So you figured out the very basics of Solar PV and you've seen a Solar PV schematic/diagram and you want to move onto the next step and do a little more research to see how well Solar PV will work on your home. This was the exact topic that Scientific American blogger (and soon-to-be consumer of Solar PV electricity from panels on his roof) George Musser covered on his latest blog, Invert your thinking: Squeezing more power out of your solar panels.
George's overview of the very important details of optimizing solar PV generation is one of the simplest, yet most informative descriptions that I have seen on the web. With George's permission, I have copied some of his blog which can be seen below in dark blue, but I insist that you read his entire blog for the full effect.
"The need for this equipment arises from how a solar photovoltaic cell works. Light shining on the cell knocks electrons off the silicon atoms, and an electrical voltage built into the semiconductor material pulls the electrons in one direction, creating an electrical current. What happens then depends on what you connect to the cell.
If you don’t connect anything and just leave the wires dangling, the current has nowhere to go, electrons pile up on one side of the cell, and the voltage across the cell increases until it reaches the built-in voltage -- typically 0.6 volts for silicon. The BP SX3400b panels that are going up on my house each consist of 50 cells connected in electrical series, for about 30 volts if you don’t connect an electrical load. Twelve of these panels are strung together for a total of about 360 volts.
When you attach a load and start to draw power from the cell, the voltage drops -- gradually at first, then precipitously as the electrons flow out too quickly for a voltage to develop across the cell. This behavior is captured in a graph known as the current-voltage, or I-V, curve. When the voltage reaches zero, the cell delivers its maximum current -- which is about 9 amps for my BP panel in full-on sunlight and less when it’s twilight or overcast. Because the cells in a panel and the panels in a string are wired in series, the amperage of one determines the amperage of all. If you need more current, you have to wire strings of panels in parallel. My solar array consists of two 12-panel strings, doubling the current.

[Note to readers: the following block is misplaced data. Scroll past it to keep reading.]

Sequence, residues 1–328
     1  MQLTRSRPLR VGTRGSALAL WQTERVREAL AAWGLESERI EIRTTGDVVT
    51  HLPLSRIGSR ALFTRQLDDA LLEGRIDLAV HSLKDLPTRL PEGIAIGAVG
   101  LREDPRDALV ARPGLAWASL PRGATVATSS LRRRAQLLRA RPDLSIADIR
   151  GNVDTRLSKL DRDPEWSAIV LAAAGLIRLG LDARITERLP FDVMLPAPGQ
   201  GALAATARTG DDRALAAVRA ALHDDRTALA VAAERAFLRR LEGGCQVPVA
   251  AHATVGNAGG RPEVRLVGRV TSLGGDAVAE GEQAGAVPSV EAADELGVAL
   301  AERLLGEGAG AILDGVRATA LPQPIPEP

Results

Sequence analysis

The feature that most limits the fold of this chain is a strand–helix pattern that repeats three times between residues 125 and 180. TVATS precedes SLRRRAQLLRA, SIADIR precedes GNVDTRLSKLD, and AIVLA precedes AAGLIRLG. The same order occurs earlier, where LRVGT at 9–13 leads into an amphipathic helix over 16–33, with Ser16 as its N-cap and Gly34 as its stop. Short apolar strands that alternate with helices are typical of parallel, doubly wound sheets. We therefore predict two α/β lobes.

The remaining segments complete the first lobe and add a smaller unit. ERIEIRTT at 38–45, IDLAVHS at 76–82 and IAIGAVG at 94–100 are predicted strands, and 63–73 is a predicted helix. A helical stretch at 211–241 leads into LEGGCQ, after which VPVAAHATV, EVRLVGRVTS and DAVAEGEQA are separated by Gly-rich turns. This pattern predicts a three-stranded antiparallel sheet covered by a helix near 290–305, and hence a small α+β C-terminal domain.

Because power equals volts times amps, a panel doesn’t do a whole lot of good if it generates 30 volts at 0 amps or 9 amps at 0 volts. In between these extremes, it produces useful power, and there’s a sweet spot in the middle where the power is maximized -- for my panels, 8.16 amps at 24.5 volts, giving 200 watts of power. If you hit this sweet spot and point this panel straight at the sun, it will convert 16 percent of the incoming solar energy to electricity. When most people talk about efficiency, this is the number they’re referring to, but it presumes you've hit the sweet spot, and that's easier said than done." (continue reading)
George continues the blog to highlight how important the inverter is (for grid-connected systems) for optimization and lists some of the issues that result in poor PV performance (say that three times fast). These issues include: electrical mismatches, partial shading, temperature fluctuations, damage or theft.
So there you have it. Converting the sun's photons to electricity is fairly simple; optimizing that electric generation is the important part!